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With growth in student population, current budget constrictions, and increased enrollment, more and more instructors are facing the challenges of engaging students in a large format classroom (Dietz, 2002; UC Berkley, 2004). The traditional and often most-efficient teaching method is the lecture, but this format can be “impersonal, anonymous, and permits passivity,” all contrary to optimal student learning (Gehring, 2006). A number of trends including demographic shifts and the availability of new technology are prompting rethinking of teaching and learning in the high enrollment setting (Dietz, 2002; Gehring, 2006; UC Berkley, 2004).

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Jan 1st, 12:00 AM

Engagement in high enrollment classrooms: History of Costume, hybrid by choice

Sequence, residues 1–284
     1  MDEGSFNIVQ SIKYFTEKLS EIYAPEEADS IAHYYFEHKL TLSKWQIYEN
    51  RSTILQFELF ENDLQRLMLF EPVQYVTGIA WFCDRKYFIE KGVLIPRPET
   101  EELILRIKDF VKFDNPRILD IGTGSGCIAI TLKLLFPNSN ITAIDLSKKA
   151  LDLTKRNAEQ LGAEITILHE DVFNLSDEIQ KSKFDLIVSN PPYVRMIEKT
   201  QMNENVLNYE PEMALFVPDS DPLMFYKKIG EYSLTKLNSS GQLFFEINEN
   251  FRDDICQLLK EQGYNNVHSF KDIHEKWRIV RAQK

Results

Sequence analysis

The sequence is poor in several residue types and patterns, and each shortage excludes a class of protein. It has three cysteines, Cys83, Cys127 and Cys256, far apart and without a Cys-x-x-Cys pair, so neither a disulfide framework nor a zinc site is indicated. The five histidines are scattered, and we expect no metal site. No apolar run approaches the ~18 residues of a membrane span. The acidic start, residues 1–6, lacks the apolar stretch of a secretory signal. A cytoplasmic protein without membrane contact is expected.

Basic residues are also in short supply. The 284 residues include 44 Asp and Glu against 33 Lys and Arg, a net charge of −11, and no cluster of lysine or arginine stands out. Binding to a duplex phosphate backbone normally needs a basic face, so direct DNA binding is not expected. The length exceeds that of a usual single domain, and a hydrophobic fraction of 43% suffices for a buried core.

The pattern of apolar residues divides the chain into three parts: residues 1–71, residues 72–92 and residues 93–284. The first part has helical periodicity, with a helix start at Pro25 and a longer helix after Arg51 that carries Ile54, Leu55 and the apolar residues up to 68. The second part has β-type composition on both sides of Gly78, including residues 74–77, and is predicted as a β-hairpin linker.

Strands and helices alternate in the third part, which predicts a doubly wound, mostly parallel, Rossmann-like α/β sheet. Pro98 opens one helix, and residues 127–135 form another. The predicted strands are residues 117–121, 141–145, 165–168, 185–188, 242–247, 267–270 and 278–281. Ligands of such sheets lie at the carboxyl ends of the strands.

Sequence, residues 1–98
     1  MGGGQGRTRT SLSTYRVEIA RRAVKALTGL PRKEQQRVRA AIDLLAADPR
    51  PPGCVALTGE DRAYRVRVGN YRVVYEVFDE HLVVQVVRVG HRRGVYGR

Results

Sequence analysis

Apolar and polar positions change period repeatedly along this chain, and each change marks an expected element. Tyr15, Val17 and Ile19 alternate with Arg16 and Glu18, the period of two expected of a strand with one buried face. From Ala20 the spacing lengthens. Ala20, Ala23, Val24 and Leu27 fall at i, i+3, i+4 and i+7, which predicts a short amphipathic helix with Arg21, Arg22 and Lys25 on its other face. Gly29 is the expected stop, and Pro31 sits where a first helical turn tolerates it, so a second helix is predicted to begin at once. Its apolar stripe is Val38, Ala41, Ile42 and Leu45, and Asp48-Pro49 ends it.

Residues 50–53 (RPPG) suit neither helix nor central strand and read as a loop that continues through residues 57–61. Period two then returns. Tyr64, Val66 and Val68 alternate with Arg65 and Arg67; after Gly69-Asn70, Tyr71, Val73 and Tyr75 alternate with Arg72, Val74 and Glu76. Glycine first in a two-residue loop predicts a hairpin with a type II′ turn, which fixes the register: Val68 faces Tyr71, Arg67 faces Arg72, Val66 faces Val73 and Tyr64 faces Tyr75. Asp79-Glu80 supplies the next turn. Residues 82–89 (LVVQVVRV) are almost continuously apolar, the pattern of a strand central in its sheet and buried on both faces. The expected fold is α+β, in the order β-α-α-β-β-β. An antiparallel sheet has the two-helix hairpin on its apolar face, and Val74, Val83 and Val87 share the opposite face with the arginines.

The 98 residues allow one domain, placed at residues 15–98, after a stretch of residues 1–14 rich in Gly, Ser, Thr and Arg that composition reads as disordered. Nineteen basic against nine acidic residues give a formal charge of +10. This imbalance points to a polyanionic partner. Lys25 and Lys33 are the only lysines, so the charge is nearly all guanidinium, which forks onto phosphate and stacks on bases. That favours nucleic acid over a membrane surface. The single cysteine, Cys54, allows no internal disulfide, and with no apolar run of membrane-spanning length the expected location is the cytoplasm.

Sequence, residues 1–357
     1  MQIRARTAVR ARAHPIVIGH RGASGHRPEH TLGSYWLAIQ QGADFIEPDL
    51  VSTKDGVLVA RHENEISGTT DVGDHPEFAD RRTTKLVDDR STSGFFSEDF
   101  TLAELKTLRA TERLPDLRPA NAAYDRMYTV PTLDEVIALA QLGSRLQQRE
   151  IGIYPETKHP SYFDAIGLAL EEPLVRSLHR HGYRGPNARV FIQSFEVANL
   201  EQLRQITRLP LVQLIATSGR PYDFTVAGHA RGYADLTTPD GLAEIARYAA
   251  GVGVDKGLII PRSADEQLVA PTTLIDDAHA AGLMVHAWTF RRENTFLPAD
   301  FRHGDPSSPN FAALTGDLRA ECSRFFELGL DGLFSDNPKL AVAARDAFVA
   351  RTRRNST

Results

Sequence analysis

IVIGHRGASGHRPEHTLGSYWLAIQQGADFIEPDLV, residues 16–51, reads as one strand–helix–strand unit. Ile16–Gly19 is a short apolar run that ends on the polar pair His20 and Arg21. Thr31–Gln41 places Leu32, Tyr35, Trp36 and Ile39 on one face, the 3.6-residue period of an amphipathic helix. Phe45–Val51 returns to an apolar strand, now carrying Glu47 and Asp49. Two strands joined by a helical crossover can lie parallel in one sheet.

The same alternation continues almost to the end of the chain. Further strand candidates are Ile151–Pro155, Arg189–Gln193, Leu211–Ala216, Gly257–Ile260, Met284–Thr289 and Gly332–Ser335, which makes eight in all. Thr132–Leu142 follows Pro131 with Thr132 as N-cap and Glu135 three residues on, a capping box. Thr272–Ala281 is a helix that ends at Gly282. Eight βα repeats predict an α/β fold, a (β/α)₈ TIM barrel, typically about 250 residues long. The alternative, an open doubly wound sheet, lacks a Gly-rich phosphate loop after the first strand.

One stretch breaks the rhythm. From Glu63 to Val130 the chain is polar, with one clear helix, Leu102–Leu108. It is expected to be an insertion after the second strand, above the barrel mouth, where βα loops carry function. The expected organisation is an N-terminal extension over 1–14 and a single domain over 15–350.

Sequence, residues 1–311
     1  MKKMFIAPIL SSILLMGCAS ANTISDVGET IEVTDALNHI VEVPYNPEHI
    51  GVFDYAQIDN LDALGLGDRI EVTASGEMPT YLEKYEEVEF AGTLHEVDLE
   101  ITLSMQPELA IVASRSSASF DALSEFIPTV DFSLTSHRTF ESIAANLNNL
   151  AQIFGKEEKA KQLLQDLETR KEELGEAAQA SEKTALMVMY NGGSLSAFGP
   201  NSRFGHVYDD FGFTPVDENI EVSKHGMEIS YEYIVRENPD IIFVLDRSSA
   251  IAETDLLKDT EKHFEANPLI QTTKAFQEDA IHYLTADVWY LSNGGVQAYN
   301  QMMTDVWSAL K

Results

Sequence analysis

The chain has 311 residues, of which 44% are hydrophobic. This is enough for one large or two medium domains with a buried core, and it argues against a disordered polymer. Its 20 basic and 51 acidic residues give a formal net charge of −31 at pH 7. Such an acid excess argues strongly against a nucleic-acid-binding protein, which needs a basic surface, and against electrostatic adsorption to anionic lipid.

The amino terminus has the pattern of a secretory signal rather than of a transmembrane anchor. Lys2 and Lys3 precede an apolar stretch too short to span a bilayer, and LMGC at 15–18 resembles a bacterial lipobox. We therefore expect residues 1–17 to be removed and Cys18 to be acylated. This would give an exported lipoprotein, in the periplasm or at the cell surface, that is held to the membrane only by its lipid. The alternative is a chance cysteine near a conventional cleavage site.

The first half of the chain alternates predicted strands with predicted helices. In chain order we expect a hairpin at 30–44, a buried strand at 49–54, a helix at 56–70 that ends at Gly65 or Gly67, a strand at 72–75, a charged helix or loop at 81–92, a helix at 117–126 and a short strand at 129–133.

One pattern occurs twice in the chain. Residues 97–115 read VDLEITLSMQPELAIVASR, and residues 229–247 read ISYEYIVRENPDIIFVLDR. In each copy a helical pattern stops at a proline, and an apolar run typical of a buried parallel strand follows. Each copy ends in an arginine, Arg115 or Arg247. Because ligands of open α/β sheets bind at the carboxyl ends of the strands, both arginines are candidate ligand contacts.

With growth in student population, current budget constrictions, and increased enrollment, more and more instructors are facing the challenges of engaging students in a large format classroom (Dietz, 2002; UC Berkley, 2004). The traditional and often most-efficient teaching method is the lecture, but this format can be “impersonal, anonymous, and permits passivity,” all contrary to optimal student learning (Gehring, 2006). A number of trends including demographic shifts and the availability of new technology are prompting rethinking of teaching and learning in the high enrollment setting (Dietz, 2002; Gehring, 2006; UC Berkley, 2004).

 

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